also, I believe that the road from Speedwell to Friendship was paved the whole length at some point. Over time, the pines have reclaimed it to dirt. A similar situation can be witnessed as you take Oswego road past the Lake toward Sims Place. Sorry to get off topic, I am enjoying the geneolgy discussion.

Jeff
 

Oriental

Explorer
Apr 21, 2005
230
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Guy,
That's right. Joseph Evans was from Marlton (Evesham) and resided at the Hillside Farm adjacent to Cherokee High School and the Marlton Bypass (I don't think its called the bypass anymore). He traces his lineage back to William and Elizabeth Evans who came from Wales and were the first whites to settle the Mount Laurel/Evesham area (1677?). Only one Evans from Joseph's branch of the family is left in the area (among his 10 or so grandchildren only 1 or 2 were male and they had girls themselves so that family name is much less prevelent in the area.)
 

Teegate

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Oriental said:
Guy,
That's right. Joseph Evans was from Marlton (Evesham) and resided at the Hillside Farm adjacent to Cherokee High School and the Marlton Bypass (I don't think its called the bypass anymore). He traces his lineage back to William and Elizabeth Evans who came from Wales and were the first whites to settle the Mount Laurel/Evesham area (1677?). Only one Evans from Joseph's branch of the family is left in the area (among his 10 or so grandchildren only 1 or 2 were male and they had girls themselves so that family name is much less prevelent in the area.)


I remember in the 60's riding my bike on "Bill's Lane" that is was the dirt road that was between the High School and the Middle school. That was a picture postcard lane to match any! Sad to see it go, but you can still see the route.

There were many other Evans family around town also. (Amos, Sam, David, Isaac, etc, etc) I went through the Evesham school system and went to Evans school long before the hospital was built. It was farms and woods then...what a change.

Guy
 

Oriental

Explorer
Apr 21, 2005
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Guy,
You know that the beautiful house at Hillside is still there down Bill's Lane. I was there a few years ago before the school district cleared much of the area. At that point the farm was pretty overgrown but you could easily see how magnificent the place must have been. From the porch you would have had a view all the way down beyond the bypass. Old iron fences lined the main entrance. Barns, silos, corn cribs, and carriage houses completed the picture. I get rather melancholy thinking about these places changing and falling apart. These old estates must have been the pride and joy of their owners. To see the decline of places like this seems somewhat an insult to the memory of those who once lived there, but, reality sets in and times change. I just don't have to like it!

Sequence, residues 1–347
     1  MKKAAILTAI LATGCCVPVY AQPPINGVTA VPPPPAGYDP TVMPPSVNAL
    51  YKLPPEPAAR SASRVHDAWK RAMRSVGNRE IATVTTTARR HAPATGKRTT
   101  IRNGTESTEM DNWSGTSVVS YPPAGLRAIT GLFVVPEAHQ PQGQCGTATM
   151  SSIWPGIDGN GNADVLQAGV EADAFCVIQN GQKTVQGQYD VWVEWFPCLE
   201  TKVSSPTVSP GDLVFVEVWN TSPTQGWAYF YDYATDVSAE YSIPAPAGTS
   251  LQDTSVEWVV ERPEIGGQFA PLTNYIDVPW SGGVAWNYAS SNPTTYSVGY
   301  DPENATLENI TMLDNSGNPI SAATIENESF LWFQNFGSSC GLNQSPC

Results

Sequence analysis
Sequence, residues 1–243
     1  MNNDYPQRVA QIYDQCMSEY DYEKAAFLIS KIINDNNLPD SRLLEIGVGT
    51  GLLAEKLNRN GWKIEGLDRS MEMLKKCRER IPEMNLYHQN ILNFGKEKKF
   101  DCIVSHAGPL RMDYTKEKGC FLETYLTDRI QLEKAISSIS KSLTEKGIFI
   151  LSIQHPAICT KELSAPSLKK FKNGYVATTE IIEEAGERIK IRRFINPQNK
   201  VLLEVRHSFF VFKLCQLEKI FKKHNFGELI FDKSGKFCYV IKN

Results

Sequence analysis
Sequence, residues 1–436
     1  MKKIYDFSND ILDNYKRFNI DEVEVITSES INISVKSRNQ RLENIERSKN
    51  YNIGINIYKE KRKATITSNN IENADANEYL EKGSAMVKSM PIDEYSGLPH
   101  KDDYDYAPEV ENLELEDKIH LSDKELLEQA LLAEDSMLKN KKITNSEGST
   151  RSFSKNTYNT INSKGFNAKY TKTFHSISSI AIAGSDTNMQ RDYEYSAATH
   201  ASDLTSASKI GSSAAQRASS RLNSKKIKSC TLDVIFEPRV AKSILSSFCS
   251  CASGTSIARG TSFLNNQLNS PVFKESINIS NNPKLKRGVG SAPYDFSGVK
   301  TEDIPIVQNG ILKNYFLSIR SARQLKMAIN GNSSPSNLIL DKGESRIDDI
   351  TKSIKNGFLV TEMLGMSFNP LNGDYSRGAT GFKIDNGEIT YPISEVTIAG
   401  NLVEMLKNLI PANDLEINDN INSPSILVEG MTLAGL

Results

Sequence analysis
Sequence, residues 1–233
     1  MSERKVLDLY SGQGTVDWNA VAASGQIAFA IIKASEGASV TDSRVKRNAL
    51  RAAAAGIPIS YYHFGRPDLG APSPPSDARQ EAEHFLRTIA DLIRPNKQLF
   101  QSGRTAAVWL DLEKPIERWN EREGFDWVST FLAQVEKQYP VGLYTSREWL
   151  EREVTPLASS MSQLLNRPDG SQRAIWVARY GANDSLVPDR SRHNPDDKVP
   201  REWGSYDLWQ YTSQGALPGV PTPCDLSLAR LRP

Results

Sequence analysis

Teegate

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Oriental said:
Guy,
You know that the beautiful house at Hillside is still there down Bill's Lane. I was there a few years ago before the school district cleared much of the area. At that point the farm was pretty overgrown but you could easily see how magnificent the place must have been. From the porch you would have had a view all the way down beyond the bypass. Old iron fences lined the main entrance. Barns, silos, corn cribs, and carriage houses completed the picture. I get rather melancholy thinking about these places changing and falling apart. These old estates must have been the pride and joy of their owners. To see the decline of places like this seems somewhat an insult to the memory of those who once lived there, but, reality sets in and times change. I just don't have to like it!

Yes...I remember when it was still in use. We rode our bikes right by it all the time. We would go to the Nike Base across the street, to Tomlinson Mill, and also to Creak Run to swim. I spent many a day in the woods where Kings Grant is now at. I was there when the first piece of construction equipment arrived to start construction. I pointed the way to the bogs for them. I should have pointed the other way :(

Guy
 

Oriental

Explorer
Apr 21, 2005
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Guy,
You must know then that King's Grant was built on one the other Evans and Wills cranberry bogs. 1000 acres in that piece. As a kid I would frequently drive past the old packing house that was across the street and even then wanted to stop and look around but never did. Do you have any recollections of the place back then? It must have been pretty neat inside. I would love to get to see some old pictures from there. I should ask around.
Rich
 

Teegate

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I think we are in luck. I have somewhere around here a photo of that building that I took. I will search it out and post it. It had just been fixed up and I stopped and took a shot of it.

Guy
 

Teegate

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I am assuming you are talking about this building. This was taken in the mid 70's right after renovation. I may be wrong but I think it is no longer there. I don't pass by that way much to know for sure. This was/is directly across from the entrance to Kings Grant that is closest to the High School.


kg1.jpg


kg2.jpg


Guy
 

Gerania

Explorer
May 18, 2004
280
30
Marlton